CUA's Vitreous State Laboratory (VSL) has received a $138,931 grant to aid the United Kingdom in its effort to treat and safely store its nuclear waste. The project, which started in January and continues through April of this year, involves research and development to evaluate "vitrification" (i.e., conversion to glass) as a potential treatment technology for certain types of low- and intermediate-level nuclear wastes from the Sellafield nuclear processing and former electricity-generating site on the northwest coast of England. VSL will develop waste simulants and suitable glass formulations that meet all of the requirements to turn the partly liquid nuclear waste into solid glass that can be stored for centuries without leaching into ground water.
On the Road
Maria Sophia Aguirre, associate professor, business and economics, gave a speech titled “The Family and Human Virtues: Economic Aspects” at the VI World Family Encounter in Mexico City, Mexico, Jan. 14-19. The event was organized by the Pontifical Council on the Family.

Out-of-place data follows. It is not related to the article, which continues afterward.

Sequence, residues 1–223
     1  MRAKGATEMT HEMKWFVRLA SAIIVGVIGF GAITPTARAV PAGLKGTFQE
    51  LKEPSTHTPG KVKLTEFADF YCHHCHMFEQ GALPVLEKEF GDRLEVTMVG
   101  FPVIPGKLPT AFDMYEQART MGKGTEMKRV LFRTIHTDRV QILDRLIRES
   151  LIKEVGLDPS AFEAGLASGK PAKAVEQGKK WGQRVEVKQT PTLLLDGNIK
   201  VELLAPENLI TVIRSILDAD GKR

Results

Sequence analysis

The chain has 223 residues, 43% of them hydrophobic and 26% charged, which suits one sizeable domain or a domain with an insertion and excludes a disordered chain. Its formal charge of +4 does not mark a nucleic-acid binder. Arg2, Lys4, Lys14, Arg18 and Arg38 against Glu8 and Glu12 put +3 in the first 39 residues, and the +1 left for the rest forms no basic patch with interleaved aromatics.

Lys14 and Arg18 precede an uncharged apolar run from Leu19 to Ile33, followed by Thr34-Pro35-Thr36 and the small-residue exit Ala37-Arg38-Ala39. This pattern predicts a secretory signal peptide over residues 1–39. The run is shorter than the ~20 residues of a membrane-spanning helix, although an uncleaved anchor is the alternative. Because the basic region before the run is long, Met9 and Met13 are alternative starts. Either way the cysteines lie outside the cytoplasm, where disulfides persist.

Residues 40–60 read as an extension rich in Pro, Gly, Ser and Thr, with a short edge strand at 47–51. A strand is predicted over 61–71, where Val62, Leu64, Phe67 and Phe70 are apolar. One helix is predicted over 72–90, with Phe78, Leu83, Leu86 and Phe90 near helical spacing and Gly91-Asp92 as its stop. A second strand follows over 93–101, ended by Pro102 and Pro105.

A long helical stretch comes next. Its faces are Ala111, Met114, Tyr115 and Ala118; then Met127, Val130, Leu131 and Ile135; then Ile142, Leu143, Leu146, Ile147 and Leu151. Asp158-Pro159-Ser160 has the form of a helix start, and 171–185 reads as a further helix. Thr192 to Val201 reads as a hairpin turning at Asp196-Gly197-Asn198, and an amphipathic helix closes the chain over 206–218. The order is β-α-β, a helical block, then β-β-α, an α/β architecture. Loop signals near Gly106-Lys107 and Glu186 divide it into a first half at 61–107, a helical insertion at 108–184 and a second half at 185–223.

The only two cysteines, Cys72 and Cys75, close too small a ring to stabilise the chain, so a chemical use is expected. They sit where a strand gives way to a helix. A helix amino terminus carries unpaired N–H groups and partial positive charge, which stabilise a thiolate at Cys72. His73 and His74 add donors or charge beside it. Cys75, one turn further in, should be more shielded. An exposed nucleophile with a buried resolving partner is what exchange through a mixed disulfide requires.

Jon Anderson, professor, anthropology, gave the keynote address at a conference titled “New Horizons: Obama and the Global Media” in Tucson, Ariz., on Jan. 23.
Physics professors Fred Bruhweiler and Duilia de Mello as well as CUA doctoral candidates Ciprian Berghea, Javier Garcia, Sara Petty, Cori Quirk and Elysse Voyer attended the 213th American Astronomical Society meeting, held in Long Beach, Calif., Jan. 4 through 8. Petty gave a thesis talk titled "Quantifying The Morphologies Of Galaxies At Z~1 To 4: A Multiwavelength Survey On The Progenitors Of Local Galaxies."